James Buchanan, Jr. (/bjuːˈkænən/; April 23, 1791 – June 1, 1868) was the 15th President of the United States (1857–1861). He is the only president from Pennsylvania and the only president who remained a lifelong bachelor.
He represented Pennsylvania in the United States House of Representatives and later the Senate and served as Minister to Russia under President Andrew Jackson. He was also Secretary of State under President James K. Polk. After he turned down an offer for an appointment to the Supreme Court, President Franklin Pierce appointed him minister to the Court of St. James's, in which capacity he helped draft the Ostend Manifesto.
Buchanan was nominated by the Democratic Party in the 1856 Presidential election. Throughout most of Pierce's term, he was stationed in London as a minister to the Court of St. James's and therefore was not caught up in the crossfire of sectional politics that dominated the country. His subsequent election victory took place in a three-man race with John C. Frémont and Millard Fillmore. As President, he was often called a "doughface", a Northerner with Southern sympathies, who battled with Stephen A. Douglas for the control of the Democratic Party. Buchanan's efforts to maintain peace between the North and the South alienated both sides, and the Southern states declared their secession in the prologue to the American Civil War. Buchanan's view of record was that secession was illegal, but that going to war to stop it was also illegal. Buchanan, an attorney, was noted for his mantra, "I acknowledge no master but the law."
By the time he left office, popular opinion was against him, and the Democratic Party had split. Buchanan had once aspired to a presidency that would rank in history with that of George Washington. However, his inability to impose peace on sharply divided partisans on the brink of the Civil War has led to his consistent ranking by historians as one of the worst Presidents in American history. Historians in both 2006 and 2009 voted his failure to deal with secession the worst presidential mistake ever made.
President Buchanan died in 1868, at the age of 77.
Other articles related to "buchanan, james, james buchanan":
... Buchanan is a surname of Scottish origin (see Clan Buchanan) and is the surname of Allen Buchanan, the James B ... Duke Professor of philosophy at Duke University Allen Buchanan (Medal of Honor recipient), American Medal of Honor recipient Archibald C ... Buchanan (1890–1979), American lawyer and judge Barry Buchanan (born 1968), American professional wrestler ("Bull Buchanan") Bay Buchanan, sister to Pat ...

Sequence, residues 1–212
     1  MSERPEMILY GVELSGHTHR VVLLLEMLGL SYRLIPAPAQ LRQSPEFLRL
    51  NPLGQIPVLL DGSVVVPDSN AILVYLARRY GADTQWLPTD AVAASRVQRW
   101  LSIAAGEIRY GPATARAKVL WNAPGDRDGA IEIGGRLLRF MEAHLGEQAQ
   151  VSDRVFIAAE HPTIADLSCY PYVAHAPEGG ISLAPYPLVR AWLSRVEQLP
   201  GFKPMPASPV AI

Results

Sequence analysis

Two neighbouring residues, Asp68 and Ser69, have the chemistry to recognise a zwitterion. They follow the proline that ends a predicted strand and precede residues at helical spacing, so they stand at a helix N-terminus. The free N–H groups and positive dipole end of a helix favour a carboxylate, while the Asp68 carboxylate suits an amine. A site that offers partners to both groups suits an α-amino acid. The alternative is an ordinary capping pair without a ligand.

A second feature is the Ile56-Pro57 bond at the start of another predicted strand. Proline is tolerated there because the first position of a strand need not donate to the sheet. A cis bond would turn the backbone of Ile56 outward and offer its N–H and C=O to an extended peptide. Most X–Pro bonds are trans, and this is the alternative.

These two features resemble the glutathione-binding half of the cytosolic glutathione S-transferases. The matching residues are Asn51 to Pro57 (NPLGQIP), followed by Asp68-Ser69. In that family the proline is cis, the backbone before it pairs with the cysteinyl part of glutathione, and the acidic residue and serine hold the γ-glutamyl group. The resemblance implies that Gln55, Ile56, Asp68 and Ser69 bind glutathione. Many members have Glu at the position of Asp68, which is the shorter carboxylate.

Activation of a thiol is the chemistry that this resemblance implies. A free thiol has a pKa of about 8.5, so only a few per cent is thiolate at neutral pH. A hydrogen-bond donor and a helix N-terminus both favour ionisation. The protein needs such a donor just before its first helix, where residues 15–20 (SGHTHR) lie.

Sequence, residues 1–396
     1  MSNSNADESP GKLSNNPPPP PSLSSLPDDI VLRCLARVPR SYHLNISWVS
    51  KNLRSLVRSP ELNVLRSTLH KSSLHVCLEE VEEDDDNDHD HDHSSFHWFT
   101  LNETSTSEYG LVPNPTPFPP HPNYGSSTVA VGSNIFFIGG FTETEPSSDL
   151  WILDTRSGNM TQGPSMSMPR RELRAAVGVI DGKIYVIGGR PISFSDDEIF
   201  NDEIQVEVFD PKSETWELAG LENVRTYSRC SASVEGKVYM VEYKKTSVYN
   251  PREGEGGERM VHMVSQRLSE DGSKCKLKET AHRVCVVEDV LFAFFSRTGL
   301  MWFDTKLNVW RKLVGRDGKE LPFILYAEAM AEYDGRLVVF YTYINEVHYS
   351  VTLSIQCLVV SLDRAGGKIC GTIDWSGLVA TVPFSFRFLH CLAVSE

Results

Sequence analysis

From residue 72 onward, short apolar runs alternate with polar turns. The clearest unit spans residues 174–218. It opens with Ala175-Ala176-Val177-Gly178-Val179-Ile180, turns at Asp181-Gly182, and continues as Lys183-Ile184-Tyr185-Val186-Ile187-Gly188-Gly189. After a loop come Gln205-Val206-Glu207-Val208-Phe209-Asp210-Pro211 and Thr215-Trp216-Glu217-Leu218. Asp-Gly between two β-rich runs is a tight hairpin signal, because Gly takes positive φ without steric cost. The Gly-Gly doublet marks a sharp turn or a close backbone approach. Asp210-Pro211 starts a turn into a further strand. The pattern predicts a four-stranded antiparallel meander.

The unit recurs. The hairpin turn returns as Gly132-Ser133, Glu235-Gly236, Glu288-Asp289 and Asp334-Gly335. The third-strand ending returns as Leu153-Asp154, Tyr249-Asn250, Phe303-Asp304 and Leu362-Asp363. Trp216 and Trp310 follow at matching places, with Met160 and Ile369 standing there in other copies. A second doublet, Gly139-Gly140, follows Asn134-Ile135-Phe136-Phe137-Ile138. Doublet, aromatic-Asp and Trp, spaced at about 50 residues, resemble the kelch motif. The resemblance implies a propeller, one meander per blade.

... James Buchanan (United States, b ... Some literature The Calculus of Consent / James Buchanan Gordon Tullock, 1962 The Limits of Liberty, 1975 Democracy in Deficit / James Buchanan Richard E ... Wagner, 1977 The Power to Tax / James Buchanan Geoffrey Brennan, 1980 The Reason of Rules / James Buchanan Geoffrey Brennan, 1985 ...
... Baker Adopted daughter niece (daughter of sister Jane Buchanan and Elliot Tole Lane) Harriet Rebecca Lane 1830 – 1903 Henry Elliott Johnston Adopted daughter niece (daughter ...
... James Buchanan (1791–1868), Pennsylvania State Representative 1814, U.S ... Cousin of James M ... Buchanan ...
... Hampshire Senator Lewis Cass of Michigan Former Secretary of State James Buchanan of Pennsylvania Former Secretary of War William L ... in 1848, who had the backing of northerners in support of the Compromise of 1850 James Buchanan of Pennsylvania, popular in the South as well as in his home state Stephen A ... Cass led on the first 19 ballots, with Buchanan second, and Douglas and Marcy exchanging third and fourth places ...
Famous quotes containing the words buchanan and/or james:
“Hurrah! Hurrah for Sheridan!
Hurrah! Hurrah for horse and man!”
—Thomas Buchanan Read (18221872)
“It is my hope to be able to prove that television is the greatest step forward we have yet made in the preservation of humanity. It will make of this Earth the paradise we have all envisioned, but have never seen.”
—Joseph ODonnell. Clifford Sanforth. Professor James Houghland, Murder by Television, just before he demonstrates his new television device (1935)